Live Culture | Seven Days | Vermont's Independent Voice

Tuesday, November 26, 2019

Comedian Anya Volz Returns to Vermont to Host 'Thirst Trap'

Posted By on Tue, Nov 26, 2019 at 1:56 PM

  • Mindy Tucker
  • Anya Volz
Comedian Anya Volz's big break rather literally came at the 2015 Vermont's Funniest Comedian contest at the Vermont Comedy Club — or, more specifically, a few nights before. Just prior to the annual local standup competition, Volz broke her leg. It would have been understandable — and probably her doctor's advice — for the comic to sit out the contest. But she chose to compete anyway.

"I was like, 'Oh my God. Am I really gonna do this really intense competition when I really should be in bed on pain meds?'" Volz recalls.

Performing on crutches for three straight nights, and forgoing painkillers in order to keep her mind clear, Volz took second place that year. That result led to regular feature appearances supporting nationally touring acts at the then-brand-new Burlington comedy club. Volz also curated her own regular standup showcase at VCC, called Welcome to Girlington.

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Monday, November 18, 2019

A Champlain Student's 'Ok Boomer' Song Went Viral on TikTok. Can He Turn It Into a Career?

Posted By on Mon, Nov 18, 2019 at 3:37 PM

  • Facebook profile photo
  • Peter Kuli
It’s been a weird few weeks for Peter Kuli. The 19-year-old Champlain College sophomore has been caught up in a massive social media wave that has sprung from the video-sharing app TikTok to the pages of the New York Times, from high schooler Instagrams to the New Zealand Parliament. It all boils down to two words: “ok boomer.”

In early October, Kuli made a song on his laptop. It was a remix of clips made by his friend Jonathan Williams, a college student in California, including lyrics mocking baby boomers (“You think I respect your opinion when your hairline looks that disrespectful?”) and a clip of Williams yelling, “Ok, boomer!” Those same lyrics became the song’s title.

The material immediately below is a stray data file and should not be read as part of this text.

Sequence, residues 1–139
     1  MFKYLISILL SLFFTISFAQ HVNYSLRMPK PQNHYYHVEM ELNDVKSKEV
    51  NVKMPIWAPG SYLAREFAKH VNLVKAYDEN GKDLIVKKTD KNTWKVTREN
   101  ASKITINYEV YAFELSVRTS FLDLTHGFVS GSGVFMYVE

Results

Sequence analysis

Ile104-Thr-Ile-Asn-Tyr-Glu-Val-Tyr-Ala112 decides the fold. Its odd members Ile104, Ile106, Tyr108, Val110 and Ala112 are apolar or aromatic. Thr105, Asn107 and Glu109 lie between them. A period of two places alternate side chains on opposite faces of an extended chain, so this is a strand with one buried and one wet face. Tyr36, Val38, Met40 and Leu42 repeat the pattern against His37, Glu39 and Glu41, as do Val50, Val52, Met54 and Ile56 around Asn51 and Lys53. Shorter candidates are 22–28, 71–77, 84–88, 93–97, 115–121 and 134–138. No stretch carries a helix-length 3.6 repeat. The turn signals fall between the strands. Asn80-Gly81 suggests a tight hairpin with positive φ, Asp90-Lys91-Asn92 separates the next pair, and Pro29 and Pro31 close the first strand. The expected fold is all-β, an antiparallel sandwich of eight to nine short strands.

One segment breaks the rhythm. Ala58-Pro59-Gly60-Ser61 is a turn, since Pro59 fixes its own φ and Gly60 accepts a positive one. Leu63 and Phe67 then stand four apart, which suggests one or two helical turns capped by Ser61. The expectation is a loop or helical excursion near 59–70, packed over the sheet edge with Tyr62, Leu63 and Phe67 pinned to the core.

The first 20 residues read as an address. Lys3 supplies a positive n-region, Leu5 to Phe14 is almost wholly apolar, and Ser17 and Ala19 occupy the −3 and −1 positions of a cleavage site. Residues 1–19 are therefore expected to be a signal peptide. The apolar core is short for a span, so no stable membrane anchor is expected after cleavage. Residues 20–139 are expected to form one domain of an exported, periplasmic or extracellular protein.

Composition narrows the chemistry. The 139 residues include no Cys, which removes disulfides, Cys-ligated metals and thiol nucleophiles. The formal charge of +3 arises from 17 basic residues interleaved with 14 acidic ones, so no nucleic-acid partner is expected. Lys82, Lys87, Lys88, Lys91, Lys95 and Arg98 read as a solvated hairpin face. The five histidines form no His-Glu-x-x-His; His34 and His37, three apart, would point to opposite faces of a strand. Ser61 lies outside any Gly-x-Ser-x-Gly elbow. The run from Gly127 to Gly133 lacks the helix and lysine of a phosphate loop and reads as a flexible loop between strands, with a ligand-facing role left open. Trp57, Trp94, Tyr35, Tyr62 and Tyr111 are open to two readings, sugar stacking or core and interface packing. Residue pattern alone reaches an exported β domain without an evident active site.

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Monday, November 11, 2019

Cartoonist Jason Lutes Wins Vermont Book Award

Posted By on Mon, Nov 11, 2019 at 10:51 AM

Jason Lutes accepting the Vermont Book Award - COURTESY OF JAY ERICSON
  • Courtesy of Jay Ericson
  • Jason Lutes accepting the Vermont Book Award
At a gala ceremony on Saturday night in Montpelier, the fifth annual Vermont Book Award was presented to Hartland cartoonist Jason Lutes for his 2018 graphic novel Berlin. It's the first graphic work to win the award, which is administered by the Vermont College of Fine Arts.

The $5,000 literary prize isn't the first award that Lutes, a Center for Cartoon Studies faculty member, has won for his work. In summer 2018, he received the prestigious Inkpot Award at Comic-Con International in San Diego, as Pamela Polston noted in a 2018 Seven Days cover story. She described the three-volume Berlin, which combines history and fiction to chronicle the rise of German fascism between the world wars, as "an astonishing accomplishment that represents a grand vision and more than 20 years' work."

“I felt grateful and honored for having my book nominated for the VBA, but the last thing I expected was to actually win," Lutes wrote in an email. "To work in solitude on a project for 22 years, and then to receive a standing ovation for that work from a roomful of strangers, was an unimaginable and deeply humbling experience. I could barely keep it together at the podium. It was a night I will never forget."

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Thursday, October 24, 2019

Daniel Bernard Roumain Begins 24-Hour Protest Performance

Posted By on Thu, Oct 24, 2019 at 4:53 PM

Daniel Bernard Roumain performing with members of the New Economistas on Church Street - MARGARET GRAYSON
  • Margaret Grayson
  • Daniel Bernard Roumain performing with members of the New Economistas on Church Street
As the clock above Burlington City Hall rang out at 2 p.m., a woman in purple velour pants was dancing a jig under a slight drizzle of rain. The dancer was Paula Higa, and she was accompanying violinist and composer Daniel Bernard Roumain, known by his initials DBR, as he entered the second hour of his 24-hour protest performance on Church Street.

As DBR’s plucking of violin strings turned into dramatic, scratchy notes, Higa moved to dance behind him. Both violinist and dancer sank toward the ground as the song concluded.

DBR and local musicians and artists will perform continuously until 12 p.m. on Friday in protest of Trump administration policies on issues including immigration. More than 30 other groups or individuals had signed up to join DBR as of this afternoon.

The performance was organized and sponsored by the Flynn Center for the Performing Arts and Burlington City Arts. DBR is in the middle of a residency with the Flynn Center, the University of Vermont’s Lane Series and the Vermont Symphony Orchestra.

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Thursday, September 26, 2019

Middlebury Gallery's Nip Slip Results in Instagram Ban

Posted By on Thu, Sep 26, 2019 at 9:19 PM

  • Olivia Oh @byoliviaoh
The director of a photography gallery in Middlebury said the gallery's Instagram account was banned after posting a photo of a nude woman's breasts on September 5.